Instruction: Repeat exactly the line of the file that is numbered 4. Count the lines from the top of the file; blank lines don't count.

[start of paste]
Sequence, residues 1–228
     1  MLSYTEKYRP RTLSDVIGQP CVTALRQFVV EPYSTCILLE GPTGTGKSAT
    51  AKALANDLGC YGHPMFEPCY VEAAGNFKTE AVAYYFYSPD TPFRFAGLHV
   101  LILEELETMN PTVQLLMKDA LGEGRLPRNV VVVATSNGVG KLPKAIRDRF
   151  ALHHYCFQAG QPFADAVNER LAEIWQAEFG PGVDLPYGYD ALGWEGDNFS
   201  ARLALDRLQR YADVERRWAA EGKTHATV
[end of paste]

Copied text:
   101  LILEELETMN PTVQLLMKDA LGEGRLPRNV VVVATSNGVG KLPKAIRDRF